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Political versus legal

With little headway on the political front, the fate of Orange Metro now rests on cases being fought in the court of law

Political versus legal
Destruction in the name of development. — Photo by Rahat Dar

For a layperson, it is hard to comprehend legal complexities. It was thus quite shocking for some concerned citizens who took a long list of grievances against the Orange Metro to some of the best legal minds of Lahore to find that there was no legal case. The lawyers told them the grievances were primarily related to policy while they had to instead convince the court that certain laws were broken. Additionally, given the experience of the Signal Free case, they thought that one could only delay the project rather than stop it altogether. Other than a few lawyers who took the plunge managing to get stay order on 11 heritage sites, the majority asked them to opt for political mobilisation.

As tens of disparate protests continued across the 27-km route, and independent activists brought together the affected communities and active citizenry for a charged protest in January, the issue was picked up by the mainstream electronic media. The opposition political parties held a combined protest against the Orange Metro in early February.

However, this political momentum was lost because of two factors: one, the opposition political parties, while raising the issue in Punjab Assembly, did not do any grassroots mobilisation leaving the vulnerable communities at the mercy of the government; two, the government went into full gear practically buying off a few self-subscribed community leaders through the PML-N local network, raised the general compensation amount, or else used the stick with LDA and police officials arriving with bulldozers to demolish houses with families inside — the case of Bengali Building where Rs10 lakh was given per family/quarter is a case in point.

For those of us trying to understand this madness in the seat of power and privilege that is Takht Lahore, it is clear that this can only happen if there exists not a single political party with roots among people. This was an ideal opportunity for any opposition party to make inroads into the PML-N Lahore constituency. With such a scale of human displacement especially in the 7-km Chauburji to G.T. Road section which was originally conceived as a tunnel, and the ongoing land acquisition and income loss of traders along the Multan-McLeod-Nicolson-G.T. Road route because of badly planned and rushed construction, Lahore has been searching in vain for political leadership that could become the voice of the affected communities.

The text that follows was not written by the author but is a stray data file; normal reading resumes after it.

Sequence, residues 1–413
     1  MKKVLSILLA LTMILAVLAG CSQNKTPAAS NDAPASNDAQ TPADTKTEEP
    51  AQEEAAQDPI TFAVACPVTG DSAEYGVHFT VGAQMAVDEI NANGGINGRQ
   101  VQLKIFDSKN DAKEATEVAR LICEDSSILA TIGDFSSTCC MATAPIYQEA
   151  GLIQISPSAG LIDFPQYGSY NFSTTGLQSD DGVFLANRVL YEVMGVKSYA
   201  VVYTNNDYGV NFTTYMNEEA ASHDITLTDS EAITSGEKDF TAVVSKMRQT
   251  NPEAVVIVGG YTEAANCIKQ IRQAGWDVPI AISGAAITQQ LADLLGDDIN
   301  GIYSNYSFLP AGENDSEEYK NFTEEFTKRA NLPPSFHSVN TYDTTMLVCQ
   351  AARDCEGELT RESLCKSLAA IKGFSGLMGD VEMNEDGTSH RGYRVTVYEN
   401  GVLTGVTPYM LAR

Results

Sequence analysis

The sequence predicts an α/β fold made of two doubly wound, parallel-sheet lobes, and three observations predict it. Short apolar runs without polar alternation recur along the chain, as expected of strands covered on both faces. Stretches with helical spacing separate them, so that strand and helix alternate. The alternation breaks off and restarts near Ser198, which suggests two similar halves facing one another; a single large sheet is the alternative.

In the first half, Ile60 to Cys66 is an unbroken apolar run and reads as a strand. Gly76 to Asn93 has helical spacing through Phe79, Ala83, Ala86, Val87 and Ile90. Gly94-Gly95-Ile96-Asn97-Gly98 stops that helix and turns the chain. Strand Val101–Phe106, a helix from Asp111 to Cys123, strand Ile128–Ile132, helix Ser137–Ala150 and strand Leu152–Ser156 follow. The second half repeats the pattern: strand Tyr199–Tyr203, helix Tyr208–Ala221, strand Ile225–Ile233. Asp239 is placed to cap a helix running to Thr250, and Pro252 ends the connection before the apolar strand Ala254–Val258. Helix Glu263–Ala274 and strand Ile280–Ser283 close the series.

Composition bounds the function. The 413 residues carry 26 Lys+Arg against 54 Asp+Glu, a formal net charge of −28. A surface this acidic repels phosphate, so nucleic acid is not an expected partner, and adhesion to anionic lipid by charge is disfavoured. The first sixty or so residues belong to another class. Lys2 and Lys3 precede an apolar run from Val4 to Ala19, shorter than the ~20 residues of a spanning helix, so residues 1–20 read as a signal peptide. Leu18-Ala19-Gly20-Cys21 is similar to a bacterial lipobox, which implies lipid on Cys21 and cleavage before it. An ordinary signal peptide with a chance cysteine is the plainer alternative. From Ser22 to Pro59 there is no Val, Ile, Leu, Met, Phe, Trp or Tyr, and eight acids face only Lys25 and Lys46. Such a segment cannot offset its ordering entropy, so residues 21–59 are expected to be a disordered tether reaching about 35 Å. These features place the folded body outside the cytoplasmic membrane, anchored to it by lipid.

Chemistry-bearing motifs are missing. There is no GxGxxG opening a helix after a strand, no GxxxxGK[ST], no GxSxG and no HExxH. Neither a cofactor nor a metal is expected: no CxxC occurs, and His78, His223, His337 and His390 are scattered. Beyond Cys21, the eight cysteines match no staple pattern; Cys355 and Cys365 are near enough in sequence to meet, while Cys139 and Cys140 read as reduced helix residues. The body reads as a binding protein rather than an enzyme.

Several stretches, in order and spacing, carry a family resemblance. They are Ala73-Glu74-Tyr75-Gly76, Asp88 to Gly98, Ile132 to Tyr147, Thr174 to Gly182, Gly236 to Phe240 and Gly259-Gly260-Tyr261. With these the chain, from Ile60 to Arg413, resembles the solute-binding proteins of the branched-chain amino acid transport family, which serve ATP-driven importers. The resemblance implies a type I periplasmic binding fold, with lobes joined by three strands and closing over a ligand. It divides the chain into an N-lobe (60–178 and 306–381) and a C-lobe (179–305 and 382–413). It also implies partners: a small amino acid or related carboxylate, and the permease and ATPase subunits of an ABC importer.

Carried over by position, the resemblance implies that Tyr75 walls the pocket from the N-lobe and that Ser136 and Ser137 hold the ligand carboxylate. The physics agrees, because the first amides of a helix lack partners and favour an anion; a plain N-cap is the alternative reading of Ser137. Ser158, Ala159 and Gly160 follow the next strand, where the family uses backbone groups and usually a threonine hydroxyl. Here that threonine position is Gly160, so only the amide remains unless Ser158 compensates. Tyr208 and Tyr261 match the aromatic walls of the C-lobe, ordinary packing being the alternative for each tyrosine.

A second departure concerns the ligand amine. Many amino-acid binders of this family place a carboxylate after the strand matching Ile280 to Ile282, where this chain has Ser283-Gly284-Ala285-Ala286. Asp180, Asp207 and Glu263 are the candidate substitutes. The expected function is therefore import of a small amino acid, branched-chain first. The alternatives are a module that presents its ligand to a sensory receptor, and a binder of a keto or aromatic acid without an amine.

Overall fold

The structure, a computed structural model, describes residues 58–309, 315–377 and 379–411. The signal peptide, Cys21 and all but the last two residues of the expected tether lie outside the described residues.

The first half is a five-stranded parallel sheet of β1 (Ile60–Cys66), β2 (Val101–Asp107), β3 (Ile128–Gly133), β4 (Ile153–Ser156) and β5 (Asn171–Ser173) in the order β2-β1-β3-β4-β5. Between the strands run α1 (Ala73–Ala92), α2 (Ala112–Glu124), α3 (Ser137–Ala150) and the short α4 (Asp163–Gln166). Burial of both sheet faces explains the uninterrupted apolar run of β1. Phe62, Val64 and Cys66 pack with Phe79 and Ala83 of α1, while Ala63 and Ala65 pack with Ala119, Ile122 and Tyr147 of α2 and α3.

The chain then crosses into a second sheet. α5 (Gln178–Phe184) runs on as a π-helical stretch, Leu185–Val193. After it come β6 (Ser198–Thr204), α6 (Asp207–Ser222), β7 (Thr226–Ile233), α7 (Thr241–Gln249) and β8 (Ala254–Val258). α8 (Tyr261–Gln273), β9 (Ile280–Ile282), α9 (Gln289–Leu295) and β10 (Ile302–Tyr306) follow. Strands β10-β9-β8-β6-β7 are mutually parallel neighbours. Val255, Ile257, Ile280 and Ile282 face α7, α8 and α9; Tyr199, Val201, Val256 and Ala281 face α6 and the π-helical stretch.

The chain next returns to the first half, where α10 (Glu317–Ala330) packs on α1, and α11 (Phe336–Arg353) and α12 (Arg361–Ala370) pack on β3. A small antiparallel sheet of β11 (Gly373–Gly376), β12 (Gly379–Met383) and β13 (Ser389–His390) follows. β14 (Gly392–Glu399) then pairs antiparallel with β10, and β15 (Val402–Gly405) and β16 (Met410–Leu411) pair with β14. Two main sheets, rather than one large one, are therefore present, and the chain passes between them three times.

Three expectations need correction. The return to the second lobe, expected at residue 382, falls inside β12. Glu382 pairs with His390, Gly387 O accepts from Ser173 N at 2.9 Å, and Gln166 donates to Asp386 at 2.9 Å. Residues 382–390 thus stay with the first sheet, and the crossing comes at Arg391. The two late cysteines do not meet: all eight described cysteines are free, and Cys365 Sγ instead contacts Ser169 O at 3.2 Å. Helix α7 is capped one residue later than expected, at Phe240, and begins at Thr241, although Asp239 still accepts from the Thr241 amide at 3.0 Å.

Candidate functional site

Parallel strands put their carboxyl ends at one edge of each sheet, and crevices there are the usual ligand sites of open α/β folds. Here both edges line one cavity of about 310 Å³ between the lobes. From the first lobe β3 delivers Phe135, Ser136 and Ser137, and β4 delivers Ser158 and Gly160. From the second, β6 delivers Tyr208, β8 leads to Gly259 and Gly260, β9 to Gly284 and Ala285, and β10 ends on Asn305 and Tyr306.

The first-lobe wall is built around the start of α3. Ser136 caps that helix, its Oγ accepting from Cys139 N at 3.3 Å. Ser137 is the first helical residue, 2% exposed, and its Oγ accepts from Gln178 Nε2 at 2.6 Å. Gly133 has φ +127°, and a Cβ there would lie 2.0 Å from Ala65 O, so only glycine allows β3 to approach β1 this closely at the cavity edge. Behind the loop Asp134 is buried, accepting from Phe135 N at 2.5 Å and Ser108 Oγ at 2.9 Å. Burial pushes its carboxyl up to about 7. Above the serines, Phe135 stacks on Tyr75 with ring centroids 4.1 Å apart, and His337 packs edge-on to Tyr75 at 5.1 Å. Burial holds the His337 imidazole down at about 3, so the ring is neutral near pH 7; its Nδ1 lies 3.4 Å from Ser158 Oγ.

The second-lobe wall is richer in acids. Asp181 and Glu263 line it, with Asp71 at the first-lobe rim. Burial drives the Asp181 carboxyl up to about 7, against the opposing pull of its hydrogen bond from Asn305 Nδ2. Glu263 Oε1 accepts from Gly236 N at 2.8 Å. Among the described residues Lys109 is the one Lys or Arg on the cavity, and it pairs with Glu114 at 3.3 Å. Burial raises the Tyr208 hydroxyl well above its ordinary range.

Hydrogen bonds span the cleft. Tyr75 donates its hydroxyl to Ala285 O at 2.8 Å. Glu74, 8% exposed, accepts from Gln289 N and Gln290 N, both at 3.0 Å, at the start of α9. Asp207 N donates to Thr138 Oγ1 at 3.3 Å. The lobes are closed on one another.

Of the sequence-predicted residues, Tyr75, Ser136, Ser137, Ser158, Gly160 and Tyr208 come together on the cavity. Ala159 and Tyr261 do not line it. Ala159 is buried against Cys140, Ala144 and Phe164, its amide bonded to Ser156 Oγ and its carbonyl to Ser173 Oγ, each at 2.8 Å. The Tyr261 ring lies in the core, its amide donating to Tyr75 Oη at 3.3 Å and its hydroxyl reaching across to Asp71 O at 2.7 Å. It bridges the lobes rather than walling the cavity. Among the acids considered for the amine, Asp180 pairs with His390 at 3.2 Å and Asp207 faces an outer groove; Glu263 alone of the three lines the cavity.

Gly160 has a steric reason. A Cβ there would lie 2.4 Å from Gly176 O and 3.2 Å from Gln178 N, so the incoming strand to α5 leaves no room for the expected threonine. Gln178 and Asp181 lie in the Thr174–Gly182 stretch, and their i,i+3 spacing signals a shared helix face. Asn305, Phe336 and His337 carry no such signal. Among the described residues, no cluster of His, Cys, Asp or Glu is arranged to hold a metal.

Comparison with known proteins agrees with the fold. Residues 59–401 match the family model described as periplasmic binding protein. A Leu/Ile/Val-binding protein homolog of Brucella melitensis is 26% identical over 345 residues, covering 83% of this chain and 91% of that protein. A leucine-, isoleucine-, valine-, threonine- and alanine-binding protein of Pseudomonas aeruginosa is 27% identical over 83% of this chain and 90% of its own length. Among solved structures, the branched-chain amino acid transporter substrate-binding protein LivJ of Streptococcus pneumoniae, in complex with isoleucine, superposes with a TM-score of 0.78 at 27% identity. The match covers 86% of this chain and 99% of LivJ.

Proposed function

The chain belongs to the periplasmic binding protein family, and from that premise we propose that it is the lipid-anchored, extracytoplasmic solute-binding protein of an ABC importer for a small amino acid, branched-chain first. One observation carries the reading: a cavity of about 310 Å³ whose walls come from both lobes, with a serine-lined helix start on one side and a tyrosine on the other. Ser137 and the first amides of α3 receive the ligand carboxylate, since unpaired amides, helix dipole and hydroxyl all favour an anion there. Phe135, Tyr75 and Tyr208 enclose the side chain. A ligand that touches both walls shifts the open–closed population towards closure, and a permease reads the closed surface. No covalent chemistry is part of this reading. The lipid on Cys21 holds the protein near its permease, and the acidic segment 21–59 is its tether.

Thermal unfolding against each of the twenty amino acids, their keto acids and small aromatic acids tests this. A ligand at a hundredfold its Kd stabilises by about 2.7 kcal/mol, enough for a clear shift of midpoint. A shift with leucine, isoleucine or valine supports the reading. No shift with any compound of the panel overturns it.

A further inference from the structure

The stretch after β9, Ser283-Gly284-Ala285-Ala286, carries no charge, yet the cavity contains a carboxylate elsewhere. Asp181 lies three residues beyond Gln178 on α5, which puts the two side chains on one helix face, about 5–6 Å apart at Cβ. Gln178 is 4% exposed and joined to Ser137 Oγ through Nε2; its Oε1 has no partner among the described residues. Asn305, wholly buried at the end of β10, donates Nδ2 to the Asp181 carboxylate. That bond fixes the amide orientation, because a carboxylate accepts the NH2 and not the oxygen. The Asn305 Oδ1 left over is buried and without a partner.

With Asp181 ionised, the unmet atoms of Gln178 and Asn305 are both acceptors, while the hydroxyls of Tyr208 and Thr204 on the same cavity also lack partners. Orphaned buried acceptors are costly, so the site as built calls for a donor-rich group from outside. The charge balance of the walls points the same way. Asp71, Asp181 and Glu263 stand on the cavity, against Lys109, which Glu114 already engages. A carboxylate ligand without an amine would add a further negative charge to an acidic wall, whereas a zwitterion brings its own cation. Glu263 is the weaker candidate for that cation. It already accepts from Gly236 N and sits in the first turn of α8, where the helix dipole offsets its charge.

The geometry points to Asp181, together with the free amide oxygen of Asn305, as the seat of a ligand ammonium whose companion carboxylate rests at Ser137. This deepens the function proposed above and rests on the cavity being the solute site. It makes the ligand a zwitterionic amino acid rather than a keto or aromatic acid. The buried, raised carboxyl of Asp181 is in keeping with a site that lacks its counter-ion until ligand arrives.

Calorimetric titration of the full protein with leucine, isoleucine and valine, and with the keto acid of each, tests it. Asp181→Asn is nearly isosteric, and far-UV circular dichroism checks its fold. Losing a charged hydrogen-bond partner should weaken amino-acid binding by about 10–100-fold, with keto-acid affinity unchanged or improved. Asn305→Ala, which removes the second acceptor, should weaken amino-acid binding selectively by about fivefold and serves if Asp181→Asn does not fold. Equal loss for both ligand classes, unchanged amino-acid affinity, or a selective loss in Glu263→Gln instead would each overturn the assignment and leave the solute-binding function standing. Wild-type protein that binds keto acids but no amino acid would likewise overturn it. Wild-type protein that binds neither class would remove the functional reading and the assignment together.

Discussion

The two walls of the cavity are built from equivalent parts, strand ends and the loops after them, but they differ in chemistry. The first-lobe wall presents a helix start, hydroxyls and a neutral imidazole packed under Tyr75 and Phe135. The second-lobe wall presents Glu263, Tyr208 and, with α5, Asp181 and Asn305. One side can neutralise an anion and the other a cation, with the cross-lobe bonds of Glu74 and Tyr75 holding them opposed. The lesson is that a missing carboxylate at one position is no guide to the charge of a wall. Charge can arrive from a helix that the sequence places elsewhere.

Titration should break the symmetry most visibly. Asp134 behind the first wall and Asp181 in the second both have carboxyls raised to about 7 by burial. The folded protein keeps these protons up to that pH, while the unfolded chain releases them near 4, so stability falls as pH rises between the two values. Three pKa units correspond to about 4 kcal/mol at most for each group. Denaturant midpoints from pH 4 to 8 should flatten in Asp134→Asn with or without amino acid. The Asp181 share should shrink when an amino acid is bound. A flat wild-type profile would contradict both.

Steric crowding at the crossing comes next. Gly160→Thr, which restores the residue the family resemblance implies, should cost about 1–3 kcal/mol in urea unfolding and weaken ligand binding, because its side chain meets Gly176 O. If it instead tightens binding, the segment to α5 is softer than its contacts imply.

Political leaders with Lahori roots have yet to take the 27-km route even once to meet the affected citizens whose number would run over a million (as stated in the 2007 feasibility of Orange Line).

Political leaders with Lahori roots have yet to take the 27-km route even once to meet the affected citizens whose number would run over a million (as stated in the 2007 feasibility of Orange Line).

The 40-55 per cent usual election voter turnout in Pakistan, minimal membership of political parties, and almost non-existent active (day-to-day) participation of members is thus no surprise. The hypothetical, conceptual mantras of a jalsa do have an appeal, but they matter little in the making of an active political worker who can lead the community in its time of need, and thus demand their vote at the time of elections. Without a concrete change in this current mode of politics, these parties do not have the clout to take on the entrenched power of the PML-N in Punjab. Its successful patronage-based model, which encourages the upwardly mobile moneyed actor to join it for access to state machinery and resources, can only be countered with active grassroots political involvement.

So, with little headway on the political front, the fate of Orange Metro now rests on cases being fought in the court of law. However, contrary to what the lawyers had initially thought, the government’s own negligence in rushing through the project has strengthened the case. The petitioner lawyers have argued on three fronts: Due Process, Environment and Heritage.

The argument is that the government did not follow the Punjab Procurement Regulatory Authority Act 2009, when it gave contracts to LDA, Nespak and the Chinese firm CR-Norinco. Further, it started work on the project without getting the No Objection Certificates (NOC) from concerned departments such as the Environment Protection Agency (EPA) and the Archeology Department, thus breaking The Antiquities Act 1992 and The Punjab Special Premises Ordinance 1985.

Raheem Ul Haque

Raheem-ul-Haque
The author is a Lahore-based academic.

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